Driver fatigue is a problem that routinely plagues Canadian roads. A 2007 survey on road safety found that about 60 percent of Canadian drivers admitted that they occasionally drove while fatigued, and a further 15 percent of respondents admitted that they had fallen asleep while driving during the past year. These numbers are extremely troubling.
Fatigued or drowsy driving can take the form of physical and/or mental fatigue and occur as a result of the monotony or repetitiveness of the driving environment or after driving for extended periods without a break. In some cases, the fatigue is a function of the human body’s natural circadian rhythm or “sleep-wake” cycle. Most people feel sleepy twice a day (at night and in the afternoon). Drivers that operate a vehicle during these times are more likely to feel drowsy and can be at higher risk of causing a road accident or car accident.
Driving while extremely tired is just as dangerous as any of other type of distracted or impaired driving. While there isn’t the same social stigma for allowing a person to drive while tired, there is certainly the same amount of risks. Studies have shown that a lack of sleep can be akin to driving while intoxicated. For example, after being awake for 18 hours, you would suffer from a level of impairment that is equal to having a blood alcohol level of .05%. If you were to stay awake for 24 hours, the impairment to your body would be is equal to having a .1% blood alcohol level.
Impaired Driving Enforcement
The main focus of impaired driving crackdowns by law enforcement has been for driving while under the influence of alcohol or drugs, or for texting while driving. However, driver fatigue is also treated as a form of distracted driving or impaired driving, when attributing fault in accidents, if the driver has been reckless.
There is no law specifically prohibiting driving while fatigued. There are other offences, however, that the police can use to address the reckless and negligent actions of a drowsy or fatigued driver who gets on the road and causes an accident. If a fatigued driver is operating the vehicle at an inconsistent speed, frequently changing lanes, weaving, not respecting road signs and traffic control devices, braking suddenly, or speeding erratically, a variety of charges can be laid.
In some cases, a driver could be charged with dangerous driving, impaired driving, or criminal negligence under the Criminal Code of Canada. Police officers have the discretion to choose whether to lay a charge for a federal offence, a provincial (regulatory) offence, give a warning, or help a driver arrange alternate transportation. In many cases, however, the potential outcome of significant fatigue is an accident and not a traffic stop.
The potential penalties are being used because driver fatigue has just as serious of an impact on the safety of the motorist as other forms of impaired driving. According to a Canadian Council of Motor Transport Administrators study published by Transport Canada, 20% of fatal accidents in Canada are related to driver fatigue. In B.C., driver fatigue-related crashes peak in the summer months, with an average of three people killed and 81 injured in July and August respectively. The majority of these crashes occur on Saturdays and Sundays from 3 a.m. to 9 a.m.
Where the victims of a motor vehicle accident survive an accident, many injuries can result. The injuries from an impaired-driving crash can include: concussions and other traumatic brain injuries, whiplash and other neck and spinal cord injuries, nerve damage, broken bones, damage to internal organs, soft tissues, muscles or skin, and crush injuries or amputations.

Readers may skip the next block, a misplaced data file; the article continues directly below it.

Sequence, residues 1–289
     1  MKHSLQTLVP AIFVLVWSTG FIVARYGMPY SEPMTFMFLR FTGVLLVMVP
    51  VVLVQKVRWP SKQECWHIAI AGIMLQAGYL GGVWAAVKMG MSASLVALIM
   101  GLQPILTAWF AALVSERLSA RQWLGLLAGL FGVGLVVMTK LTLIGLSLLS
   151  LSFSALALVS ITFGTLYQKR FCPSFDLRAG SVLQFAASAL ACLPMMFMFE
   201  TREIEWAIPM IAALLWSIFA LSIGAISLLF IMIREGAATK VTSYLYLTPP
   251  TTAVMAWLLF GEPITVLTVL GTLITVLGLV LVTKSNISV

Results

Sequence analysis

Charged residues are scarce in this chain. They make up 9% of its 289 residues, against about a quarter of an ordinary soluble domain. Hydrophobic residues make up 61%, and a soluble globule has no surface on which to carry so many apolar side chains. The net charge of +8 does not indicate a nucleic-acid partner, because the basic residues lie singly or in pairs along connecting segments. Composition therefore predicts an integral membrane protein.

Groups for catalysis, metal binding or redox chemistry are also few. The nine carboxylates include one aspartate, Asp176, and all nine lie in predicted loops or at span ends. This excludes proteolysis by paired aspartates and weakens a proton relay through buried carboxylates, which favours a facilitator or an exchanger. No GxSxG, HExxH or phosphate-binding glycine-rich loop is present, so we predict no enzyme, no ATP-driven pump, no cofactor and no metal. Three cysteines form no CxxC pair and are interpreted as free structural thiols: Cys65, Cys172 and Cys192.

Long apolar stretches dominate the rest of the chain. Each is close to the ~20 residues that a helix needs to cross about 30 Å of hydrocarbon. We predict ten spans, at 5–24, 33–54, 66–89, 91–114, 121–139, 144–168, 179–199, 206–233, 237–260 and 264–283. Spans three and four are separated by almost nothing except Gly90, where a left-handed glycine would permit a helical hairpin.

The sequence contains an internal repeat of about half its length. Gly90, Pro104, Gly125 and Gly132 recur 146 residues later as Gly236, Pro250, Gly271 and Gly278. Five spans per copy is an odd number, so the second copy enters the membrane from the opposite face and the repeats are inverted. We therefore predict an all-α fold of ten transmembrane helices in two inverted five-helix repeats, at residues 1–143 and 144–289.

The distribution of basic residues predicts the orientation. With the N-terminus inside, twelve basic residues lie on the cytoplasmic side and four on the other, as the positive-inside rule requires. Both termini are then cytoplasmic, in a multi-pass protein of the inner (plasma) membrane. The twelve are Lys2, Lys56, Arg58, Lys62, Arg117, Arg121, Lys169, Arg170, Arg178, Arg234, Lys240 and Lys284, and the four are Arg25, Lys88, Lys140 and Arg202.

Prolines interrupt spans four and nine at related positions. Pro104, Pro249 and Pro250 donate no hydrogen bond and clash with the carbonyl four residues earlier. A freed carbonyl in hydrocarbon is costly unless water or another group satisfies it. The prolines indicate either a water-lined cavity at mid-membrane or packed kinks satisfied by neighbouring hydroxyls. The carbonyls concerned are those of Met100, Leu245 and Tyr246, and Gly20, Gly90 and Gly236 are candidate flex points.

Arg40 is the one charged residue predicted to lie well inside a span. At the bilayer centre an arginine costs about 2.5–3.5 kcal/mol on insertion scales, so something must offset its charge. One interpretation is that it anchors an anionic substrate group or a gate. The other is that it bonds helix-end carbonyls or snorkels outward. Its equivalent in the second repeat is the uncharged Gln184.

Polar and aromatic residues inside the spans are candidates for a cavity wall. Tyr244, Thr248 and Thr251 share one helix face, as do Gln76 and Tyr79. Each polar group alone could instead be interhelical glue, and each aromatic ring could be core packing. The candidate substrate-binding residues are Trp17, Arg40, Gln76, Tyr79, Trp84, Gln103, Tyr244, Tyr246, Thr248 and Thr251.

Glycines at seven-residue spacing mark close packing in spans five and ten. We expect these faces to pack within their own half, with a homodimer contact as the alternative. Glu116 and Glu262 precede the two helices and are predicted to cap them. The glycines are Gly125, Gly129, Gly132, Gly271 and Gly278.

There are ways to ensure that fatigue is not putting you, your passengers and other road users at risk. For starters, you must always remember that driving while you are tired can be just as dangerous as drunk driving, so forcing yourself to drive when you are tired is not worth the risk of an accident.
It is also important that you can recognize the signs of fatigue in yourself or in another’s driving if you are a passenger. Keep an eye for warning signs such as blinking or yawning frequently, closing your eyes for a moment or going out of focus, having wandering or disconnected thoughts, losing time and not remembering the past few minutes. Other common signs of driver fatigue are drifting over the center line or hitting the curbs, suddenly realizing that you have slowed down unintentionally, and braking too late for other cars or road signs.
To lower the risk of fatigue related collisions, consider taking periodic breaks when driving long distances, especially while driving late at night. You should also plan to go to bed early the night before driving a long distance, share the driving with a passenger, take regular rest stops every couple of hours and drink water, do some exercise and eat light meals while at the rest stops.
Speak to a Personal Injury Lawyer Today
If you were injured by a driver who was drowsy or fatigued and caused an accident, speak to a personal injury lawyer at Taylor & Blair Personal Injury Lawyers. These types of claims can be extremely complex and difficult, as often it is hard to prove that a driver caused an accident due to drowsiness or fatigue. However, at Taylor and Blair, our car accident lawyers have dealt with these types of claims before. We are experienced personal injuries lawyers with lower mainland offices in Surrey, Richmond, Burnaby, Port Coquitlam, North Vancouver and Vancouver BC. Our legal team will investigate the details of your car accident and may rely on expert evidence. We will discuss your options for legal recourse and compensation. Speak to a lawyer at 604-737-6900 before contacting Insurance Corporation of British Columbia (ICBC).